Before considering how to rebalance your global supply chain, first you should take a look at the changing landscape of manufacturing. Rising costs in China and shifting global economic forces are pressuring companies to reevaluate their global manufacturing strategies and consider reshoring operations and jobs back to America. But reshoring can be a lot trickier than you think. It takes careful consideration, planning and execution.
Before we can begin to plan and execute a successful reshoring strategy, we should take a look at what has happened globally in manufacturing and the direction of American manufacturing.
Our guest blogger, Tom Bonine, president of National Metal Fabricators has compiled some interesting facts.
Interesting Statistics and Facts about American Manufacturing
by Tom Bonine, president of National Metal Fabricators
In the U.S., the manufacturing industry is dynamic and ever changing. The industry has experienced many downs over the last decade, but there are positives that must be considered before the industry is ruled out.
Gross Domestic Product
The manufacturing industry in the U.S. contributes to the overall economy. According to the Manufacturing Institute, if the U.S. manufacturing industry were a country, it would be the eighth largest economy in the world. In 2012, American manufacturing contributed $2.03 trillion to the Gross Domestic Product (GDP). This amount is one-eighth of the total GDP of $16 trillion in 2012. U.S. manufacturers produce a higher volume than the full GDP of Canada, India, Russia or Korea.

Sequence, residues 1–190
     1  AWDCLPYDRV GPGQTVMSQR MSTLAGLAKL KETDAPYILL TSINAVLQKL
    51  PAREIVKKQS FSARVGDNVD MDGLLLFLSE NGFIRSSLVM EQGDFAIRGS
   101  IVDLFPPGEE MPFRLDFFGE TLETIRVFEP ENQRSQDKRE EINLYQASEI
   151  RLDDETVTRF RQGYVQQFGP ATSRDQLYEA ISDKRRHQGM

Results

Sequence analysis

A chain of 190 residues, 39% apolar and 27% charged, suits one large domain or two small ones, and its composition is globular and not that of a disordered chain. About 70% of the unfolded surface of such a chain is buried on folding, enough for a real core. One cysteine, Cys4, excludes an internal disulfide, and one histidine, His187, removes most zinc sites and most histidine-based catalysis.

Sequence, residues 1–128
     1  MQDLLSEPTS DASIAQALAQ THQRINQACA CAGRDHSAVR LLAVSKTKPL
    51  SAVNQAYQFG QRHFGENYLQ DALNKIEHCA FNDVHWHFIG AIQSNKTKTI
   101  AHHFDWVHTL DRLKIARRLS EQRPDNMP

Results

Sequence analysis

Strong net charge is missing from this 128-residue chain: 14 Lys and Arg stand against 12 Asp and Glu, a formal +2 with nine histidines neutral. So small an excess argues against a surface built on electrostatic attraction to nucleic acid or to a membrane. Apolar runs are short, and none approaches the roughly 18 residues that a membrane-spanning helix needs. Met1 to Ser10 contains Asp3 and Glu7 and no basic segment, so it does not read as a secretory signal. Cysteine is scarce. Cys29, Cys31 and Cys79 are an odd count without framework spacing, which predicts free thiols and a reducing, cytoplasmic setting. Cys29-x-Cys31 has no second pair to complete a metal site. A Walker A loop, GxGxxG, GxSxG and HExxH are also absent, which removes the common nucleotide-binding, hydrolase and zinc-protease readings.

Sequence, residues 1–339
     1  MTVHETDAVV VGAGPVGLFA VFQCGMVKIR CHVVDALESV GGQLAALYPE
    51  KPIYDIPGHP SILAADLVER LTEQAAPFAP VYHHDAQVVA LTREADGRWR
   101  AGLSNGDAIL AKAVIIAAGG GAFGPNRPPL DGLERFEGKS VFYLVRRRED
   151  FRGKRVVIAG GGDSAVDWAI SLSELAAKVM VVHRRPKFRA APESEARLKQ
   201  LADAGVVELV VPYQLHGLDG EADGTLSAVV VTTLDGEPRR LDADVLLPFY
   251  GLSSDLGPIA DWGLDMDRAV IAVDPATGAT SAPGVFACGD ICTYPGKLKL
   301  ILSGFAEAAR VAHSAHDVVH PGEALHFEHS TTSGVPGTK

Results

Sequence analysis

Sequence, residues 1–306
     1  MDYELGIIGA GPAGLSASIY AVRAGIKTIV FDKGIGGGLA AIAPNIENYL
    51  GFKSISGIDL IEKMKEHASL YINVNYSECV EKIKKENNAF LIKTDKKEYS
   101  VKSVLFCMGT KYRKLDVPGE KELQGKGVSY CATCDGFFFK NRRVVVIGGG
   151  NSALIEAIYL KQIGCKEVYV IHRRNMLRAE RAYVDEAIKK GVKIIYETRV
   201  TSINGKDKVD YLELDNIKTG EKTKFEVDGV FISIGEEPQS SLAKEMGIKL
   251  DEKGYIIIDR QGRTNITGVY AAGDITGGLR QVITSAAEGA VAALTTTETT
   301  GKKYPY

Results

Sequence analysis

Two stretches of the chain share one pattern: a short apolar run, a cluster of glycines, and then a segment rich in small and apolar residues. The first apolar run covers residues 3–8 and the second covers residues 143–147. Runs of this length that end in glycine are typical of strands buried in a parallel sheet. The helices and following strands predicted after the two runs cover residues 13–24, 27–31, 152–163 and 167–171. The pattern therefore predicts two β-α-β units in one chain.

While the industry lost many jobs during the first decade of the 21st century, January of 2010 brought a change to employment numbers. There were approximately 11.5 million manufacturing jobs in the U.S. in January of 2010. By April 2014, this number increased to 12.1 million. The industry has added or restored nearly 600,000 positions.
The positions in the manufacturing industry are not all low-paying assembly jobs. Skilled and educated workers are needed to meet the growing demands of technology. In the year 2000, approximately 14 percent of the manufacturing workforce had less than a high school education. In 2012, this number dropped to a little over 10 percent.
In 2000, 16.3 percent of the manufacturing workforce held a bachelor’s degree. This number increased to 19.9 percent in 2012. The rate of those holding a graduate or professional degree also rose during this period. It is expected that the need for more skilled workers will increase as the U.S. man